The death toll from the second earthquake to hit Turkey in almost three weeks rose to 20 on Friday after being found more bodies in the rubble in the city of Van in eastern Turkey.
Two hotels that have fallen because of the earthquake on Wednesday, a magnitude 5.6, were the only occupied buildings of 25 that collapsed. Most people had left their homes after an earthquake earlier on October 23, which left over 600 dead.
The new tragedy feeds discontent among families begging for tents and other resources, although the government claims to be providing all that is needed. The desperation of the homeless is even greater because of the approaching winter. On Friday, Van, ethnic Kurdish majority city with about 1 million inhabitants, received the first snowfall of the season.
On Thursday, police used tear gas to disperse about 200 people who demanded the resignation of the governor, accused of inefficiency in the delivery of aid.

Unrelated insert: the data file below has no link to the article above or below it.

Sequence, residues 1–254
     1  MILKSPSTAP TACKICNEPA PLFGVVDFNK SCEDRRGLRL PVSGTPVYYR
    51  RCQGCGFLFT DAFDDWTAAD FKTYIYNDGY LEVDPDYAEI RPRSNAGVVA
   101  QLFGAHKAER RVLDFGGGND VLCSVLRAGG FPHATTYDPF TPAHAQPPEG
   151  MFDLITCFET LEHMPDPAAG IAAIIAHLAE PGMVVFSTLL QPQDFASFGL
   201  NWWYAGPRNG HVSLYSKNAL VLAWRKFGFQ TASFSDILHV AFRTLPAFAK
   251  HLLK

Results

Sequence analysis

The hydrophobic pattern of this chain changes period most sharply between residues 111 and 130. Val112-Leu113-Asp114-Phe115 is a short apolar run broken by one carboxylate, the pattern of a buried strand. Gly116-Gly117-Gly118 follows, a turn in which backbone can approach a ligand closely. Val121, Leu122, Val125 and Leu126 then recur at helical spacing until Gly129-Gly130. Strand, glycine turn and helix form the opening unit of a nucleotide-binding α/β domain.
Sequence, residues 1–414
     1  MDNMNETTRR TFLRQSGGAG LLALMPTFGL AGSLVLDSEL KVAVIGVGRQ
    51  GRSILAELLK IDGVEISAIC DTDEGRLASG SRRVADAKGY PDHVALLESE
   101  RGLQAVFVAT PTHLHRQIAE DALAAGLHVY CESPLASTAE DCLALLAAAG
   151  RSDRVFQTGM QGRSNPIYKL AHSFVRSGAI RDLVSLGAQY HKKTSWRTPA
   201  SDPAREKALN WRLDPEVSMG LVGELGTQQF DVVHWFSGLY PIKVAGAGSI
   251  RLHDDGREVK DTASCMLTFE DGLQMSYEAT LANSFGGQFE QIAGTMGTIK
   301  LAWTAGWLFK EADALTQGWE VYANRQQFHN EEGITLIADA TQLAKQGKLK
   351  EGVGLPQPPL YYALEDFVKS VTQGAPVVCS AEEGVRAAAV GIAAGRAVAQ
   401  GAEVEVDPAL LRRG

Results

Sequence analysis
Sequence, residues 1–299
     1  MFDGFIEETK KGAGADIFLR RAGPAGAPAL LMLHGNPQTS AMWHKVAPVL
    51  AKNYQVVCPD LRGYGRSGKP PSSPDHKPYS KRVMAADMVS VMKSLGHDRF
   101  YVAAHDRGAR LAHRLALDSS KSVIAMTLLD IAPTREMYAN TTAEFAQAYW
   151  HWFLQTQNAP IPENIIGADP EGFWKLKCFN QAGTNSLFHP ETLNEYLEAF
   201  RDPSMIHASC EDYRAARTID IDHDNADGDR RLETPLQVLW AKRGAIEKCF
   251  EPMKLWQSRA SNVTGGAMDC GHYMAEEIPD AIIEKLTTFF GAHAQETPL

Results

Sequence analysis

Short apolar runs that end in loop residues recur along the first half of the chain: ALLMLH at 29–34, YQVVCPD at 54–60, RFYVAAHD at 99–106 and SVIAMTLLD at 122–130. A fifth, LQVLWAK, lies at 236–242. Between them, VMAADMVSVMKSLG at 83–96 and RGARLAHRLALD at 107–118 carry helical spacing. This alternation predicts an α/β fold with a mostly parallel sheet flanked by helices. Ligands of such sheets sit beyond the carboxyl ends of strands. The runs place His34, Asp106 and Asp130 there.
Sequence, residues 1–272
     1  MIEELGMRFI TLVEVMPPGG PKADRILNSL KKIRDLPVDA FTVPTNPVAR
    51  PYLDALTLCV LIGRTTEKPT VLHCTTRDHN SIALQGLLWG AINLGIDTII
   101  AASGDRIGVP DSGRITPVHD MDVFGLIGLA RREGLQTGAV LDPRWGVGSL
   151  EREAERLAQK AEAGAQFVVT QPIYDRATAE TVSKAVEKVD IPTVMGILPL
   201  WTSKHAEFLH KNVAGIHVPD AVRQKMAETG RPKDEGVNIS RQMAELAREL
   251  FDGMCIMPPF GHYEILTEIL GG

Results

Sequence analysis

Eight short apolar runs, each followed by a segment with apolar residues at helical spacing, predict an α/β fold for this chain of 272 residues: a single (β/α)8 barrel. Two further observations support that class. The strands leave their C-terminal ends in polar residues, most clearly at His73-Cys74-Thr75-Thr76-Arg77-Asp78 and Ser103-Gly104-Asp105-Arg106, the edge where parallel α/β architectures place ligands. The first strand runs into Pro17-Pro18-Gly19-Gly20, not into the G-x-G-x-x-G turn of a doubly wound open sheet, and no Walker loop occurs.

Aftershocks shake the region with frightening regularity since the earthquake of October 23, magnitude 7.2. But experts say the quake on Wednesday was a new incident seismic, and not a peal of the earthquake in October, according to Deputy Prime Minister Besir Atalay, who oversees relief work.
An earthquake of magnitude 5.6 usually do not cause major damage, but many buildings were already weakened by the quake before.
Using picks, saws and heavy machinery, rescuers pulled 28 survivors from the rubble, making pauses to try to hear any noises emitted by the victims. "We will continue searching until all debris has been removed," said one officer involved in the activity, taking a tea while a colleague took his place in the wreckage.
The earthquake interrupted the electricity in Van, but generators feed spotlight that allowed the continuation of rescue work during the night. With all the abandoned buildings, the center of Van looked like a ghost town.
At dawn, some men gathered in tea houses and kebab restaurants, which, being ground floor, stood up and has reopened. One or two groups lit bonfires in the streets, burning trash for warmth.
Camps for the homeless were armed on the outskirts of the city, but many families preferred to assemble the tents near their homes, despite the authorities' efforts to bring these people to areas where help is more organized.
* With Reuters and AP